The second additional episode, «The Struggle», has a little more of plot, and looks at how Moira survived six months on the island, together with a character named Eugene – the same old man which the girls met in the sewers. Eugene is looking for his daughter Irina, exclusively calls Moira «baby», and generally doesn’t behave like a welcoming and friendly old man. Throughout the episode there will be exactly two tasks: to shoot animals when hunting and survive waves of enemies in the familiar locations. Hunting has a direct relation to the gameplay – the food represents the number of attempts to complete an episode (maximum of five). If you don’t manage it in five attempts, the whole process of playing has to start all over again. The story itself is generally not so important, but it is a scene coupling the two campaigns, and it also happens to be the main ending for the whole of Revelations 2. Capcom have decided that it’s not enough to sell separately the main episodes; the resolution of the story also has to be paid for. I wonder, when will we get to a situation where the final credits will also have to be bought separately?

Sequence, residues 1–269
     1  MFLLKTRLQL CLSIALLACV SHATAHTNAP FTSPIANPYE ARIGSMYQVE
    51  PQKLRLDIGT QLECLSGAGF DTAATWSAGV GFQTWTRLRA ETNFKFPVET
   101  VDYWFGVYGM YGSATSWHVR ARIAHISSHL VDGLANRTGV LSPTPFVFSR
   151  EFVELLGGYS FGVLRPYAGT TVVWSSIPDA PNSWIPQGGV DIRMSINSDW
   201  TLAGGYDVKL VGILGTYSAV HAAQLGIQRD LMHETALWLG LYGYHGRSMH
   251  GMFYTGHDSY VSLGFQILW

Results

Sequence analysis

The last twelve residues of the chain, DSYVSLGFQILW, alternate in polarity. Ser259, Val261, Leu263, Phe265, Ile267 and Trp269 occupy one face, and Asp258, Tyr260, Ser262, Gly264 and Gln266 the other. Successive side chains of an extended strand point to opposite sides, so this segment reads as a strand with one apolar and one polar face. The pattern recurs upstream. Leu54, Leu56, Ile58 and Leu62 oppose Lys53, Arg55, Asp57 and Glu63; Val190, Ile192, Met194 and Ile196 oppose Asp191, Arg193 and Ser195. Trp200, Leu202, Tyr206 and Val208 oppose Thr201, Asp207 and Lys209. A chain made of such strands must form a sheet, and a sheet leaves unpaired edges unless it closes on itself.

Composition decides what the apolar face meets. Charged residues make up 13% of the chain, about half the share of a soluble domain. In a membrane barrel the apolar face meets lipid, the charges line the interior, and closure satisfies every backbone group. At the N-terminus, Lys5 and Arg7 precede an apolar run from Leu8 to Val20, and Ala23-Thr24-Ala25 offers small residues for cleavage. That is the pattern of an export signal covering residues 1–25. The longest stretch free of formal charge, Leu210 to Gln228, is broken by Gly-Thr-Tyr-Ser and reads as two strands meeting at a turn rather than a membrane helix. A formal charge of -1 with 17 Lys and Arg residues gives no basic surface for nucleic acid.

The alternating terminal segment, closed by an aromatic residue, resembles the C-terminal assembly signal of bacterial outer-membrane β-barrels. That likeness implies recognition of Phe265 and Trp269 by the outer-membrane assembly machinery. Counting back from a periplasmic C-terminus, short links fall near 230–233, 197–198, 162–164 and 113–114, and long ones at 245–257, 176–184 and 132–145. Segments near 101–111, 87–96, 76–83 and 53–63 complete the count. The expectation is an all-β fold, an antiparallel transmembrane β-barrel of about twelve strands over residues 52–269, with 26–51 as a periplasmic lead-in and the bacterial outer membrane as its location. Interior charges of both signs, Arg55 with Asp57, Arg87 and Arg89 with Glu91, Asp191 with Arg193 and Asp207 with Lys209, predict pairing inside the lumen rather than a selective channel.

Revelations 2 as a whole is not such a bad game, as it seemed in the beginning. It’s made for very undemanding players who have already forgotten all the joys of the first part of Revelations, and don’t have any experience in shooters, or horror movies. The creators of Revelations 2 were lucky to have the name prefix Resident Evil, as well as two starring characters from the series. Without that, the whole game would have been noticed by no one, and those who would have noticed, probably wouldn’t have praised it much. There are too many problems, some can be fixed with patches which may never come out, and some are not quite fixable. This works for fans, they’ll even ask for more (10 more half-hour DLCs, of material cut from the game), the rest can play something better, or even re-play the original Resident Evil, which is still breaking records in sales.